Jaakko Leinonen's doctoral thesis demonstrates the value of follow-up studies of genetic associations

Jaakko Leinonen’s thesis entitled "Moving beyond GWAS: Exploring the Function of the Gene LIN28B Associated with Pubertal Timing” focuses on exploring the molecular mechanisms by which LIN28B affects puberty. His doctoral dissertation will be publicly examined on 10 October, with the permission of the Faculty of Medicine of the University of Helsinki.

During the past 20 years, researchers have been able to identify tens or even hundreds of associated genetic variants for almost any studied human trait. However, we typically understand rather little about the biology behind these genetic associations. More work focusing on the functional characterization of these findings is thus greatly needed.

M.Sc. Jaakko Leinonen graduated from the University of Helsinki in 2011 with human genetics as his major subject. He started working with his Master’s thesis work at FIMM in the group of Elisabeth Widén in 2010, and started his PhD project in the same group in 2012.  The main aim of his thesis was to characterize the molecular mechanisms by which genetic variants nearby a gene called lin-28 homolog B (LIN28B) associate with pubertal timing.

The topic immediately raised my scientific curiosity since the LIN28B association signal was particularly strong and robust but no information what so ever about the function of the gene existed.

- Jaakko Leinonen

Jaakko’s thesis consists of three first-author publications, one of which is currently under review. In the first sub-study, he utilized Finnish population cohorts and showed that LIN28B associates with variation in several body size parameters in adult humans, although showing little evidence of affecting metabolism.

In the two other publications, zebrafish models played a major role. The fish experiments showed that modulating the amount of ling28b expression during embryogenesis affects the growth patterns of the fish.

It was very rewarding to see that that the effects that LIN28B has on body size seem to be evolutionarily conserved. The effect on zebrafish growth patterns mimicked the human data surprisingly well.

Yet, a critical piece of information came from the gene expression studies. These data showed that the sequence variants associating with pubertal timing affect LIN28B expression mostly in the hypothalamus and the pituitary of adult humans, highlighting the gene’s potential to contribute to sex steroid signaling. UK biobank data on testosterone levels provided further prove for this hypothesis.

Throughout his thesis work, Jaakko has combined data from very different while complementary sources. In addition to utilizing large-scale biobank and gene expression datasets, he has performed extensive laboratory experiments using zebrafish as a model organism. This also means that he has used a notable wide variety of wet-lab and biostatistical methods. He has, for example, performed zebrafish embryo microinjections to transiently dysregulate gene expression and created permanent fish knockouts using the CRISPR-Cas9 technology with the support of the zebrafish core facility of the University of Helsinki.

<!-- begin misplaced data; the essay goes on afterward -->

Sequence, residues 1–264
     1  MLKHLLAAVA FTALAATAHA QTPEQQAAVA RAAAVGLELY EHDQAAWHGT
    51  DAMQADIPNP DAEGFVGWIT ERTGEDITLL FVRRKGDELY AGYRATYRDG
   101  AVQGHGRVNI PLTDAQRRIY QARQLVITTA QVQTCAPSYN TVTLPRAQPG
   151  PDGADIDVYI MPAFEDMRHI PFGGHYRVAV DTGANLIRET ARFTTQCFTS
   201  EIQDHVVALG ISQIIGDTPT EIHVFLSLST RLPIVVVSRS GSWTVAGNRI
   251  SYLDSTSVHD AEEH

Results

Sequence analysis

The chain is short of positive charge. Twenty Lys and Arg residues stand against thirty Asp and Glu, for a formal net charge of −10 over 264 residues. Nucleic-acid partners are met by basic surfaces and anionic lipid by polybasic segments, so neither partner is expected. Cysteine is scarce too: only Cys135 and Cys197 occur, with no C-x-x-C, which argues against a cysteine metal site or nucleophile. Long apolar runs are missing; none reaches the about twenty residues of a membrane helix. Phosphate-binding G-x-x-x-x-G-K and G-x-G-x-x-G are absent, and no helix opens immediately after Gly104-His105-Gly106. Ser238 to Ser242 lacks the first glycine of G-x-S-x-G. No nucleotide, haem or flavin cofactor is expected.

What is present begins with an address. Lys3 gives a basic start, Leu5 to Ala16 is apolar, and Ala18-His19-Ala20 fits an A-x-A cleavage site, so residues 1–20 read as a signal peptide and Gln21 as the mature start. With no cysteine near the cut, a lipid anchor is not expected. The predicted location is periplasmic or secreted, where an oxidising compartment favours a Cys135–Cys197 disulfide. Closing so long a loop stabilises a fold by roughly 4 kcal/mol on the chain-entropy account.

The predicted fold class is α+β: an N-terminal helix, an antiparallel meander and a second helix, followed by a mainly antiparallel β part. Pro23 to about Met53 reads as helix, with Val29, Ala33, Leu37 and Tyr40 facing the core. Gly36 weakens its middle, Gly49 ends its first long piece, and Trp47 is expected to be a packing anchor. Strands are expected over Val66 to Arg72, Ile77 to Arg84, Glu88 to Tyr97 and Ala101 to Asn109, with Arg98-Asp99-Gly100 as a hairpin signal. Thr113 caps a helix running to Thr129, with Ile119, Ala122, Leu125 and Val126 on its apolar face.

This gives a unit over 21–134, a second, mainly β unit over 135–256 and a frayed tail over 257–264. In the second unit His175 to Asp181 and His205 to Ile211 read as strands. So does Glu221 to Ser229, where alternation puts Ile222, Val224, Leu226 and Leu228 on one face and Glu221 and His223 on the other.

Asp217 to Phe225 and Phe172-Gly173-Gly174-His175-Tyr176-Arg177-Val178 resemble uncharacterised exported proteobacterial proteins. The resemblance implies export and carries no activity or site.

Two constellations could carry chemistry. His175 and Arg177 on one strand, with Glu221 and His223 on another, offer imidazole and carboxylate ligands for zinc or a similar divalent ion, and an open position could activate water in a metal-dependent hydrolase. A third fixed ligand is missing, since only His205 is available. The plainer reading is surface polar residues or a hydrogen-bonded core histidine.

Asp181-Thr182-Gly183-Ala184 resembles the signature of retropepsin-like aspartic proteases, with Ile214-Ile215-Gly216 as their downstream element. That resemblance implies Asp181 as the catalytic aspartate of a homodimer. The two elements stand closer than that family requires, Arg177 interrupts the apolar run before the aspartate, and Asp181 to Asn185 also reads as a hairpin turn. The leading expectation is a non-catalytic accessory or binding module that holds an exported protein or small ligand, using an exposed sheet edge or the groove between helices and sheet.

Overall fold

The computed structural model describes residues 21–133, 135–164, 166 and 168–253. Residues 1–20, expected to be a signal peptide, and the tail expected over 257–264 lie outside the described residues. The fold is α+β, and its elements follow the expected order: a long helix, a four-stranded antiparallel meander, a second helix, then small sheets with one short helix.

Overall, the thesis work made substantial progress in understanding the molecular basis of the timing of puberty. Based on the data, regulation of sex steroid signaling might be the most likely mechanism driving many of the LIN28B association signals.

– Given the complexity of the phenotypes we are studying, our strategic decision of using multiple study approaches has turned out to be of huge importance. Otherwise, we would not have been able to show that LIN28B affects the timing and tempo of human growth in an extremely complex way, Jaakko concludes.

FIMM community has greatly benefited from Jaakko’s social and proactive personality. During his thesis project years, he has been an active member of the FIMM PhD Student and Postdoc council and organized several soft skill training sessions and sports activities.

Being able to maintain a healthy work-life balance is also one of Jaakko’s clear strengths: two of his three kids were born during the thesis project. Even if the family is an extremely important counterbalance for the research work, Jaakko pointed out that the upcoming years will also be an interesting observation period for a puberty researcher.

Jaakko has already taken the first steps of his post-doctoral career phase. Since May, he has been working in the group of Academy Research Fellow Taru Tukiainen at FIMM, focusing on studying the genomics of sex differences in different diseases.

The public examination of Jaakko Leinonen’s thesis will take place on 10 October 2019 at 11 am in the lecture hall 2 of Haartman Institute, Haartmaninkatu 3. Professor Alexandre Reymond (Université de Lausanne, Switzerland) will serve as the opponent and Professor Samuli Ripatti as the custos. The dissertation is also available in electronic form and can be downloaded here.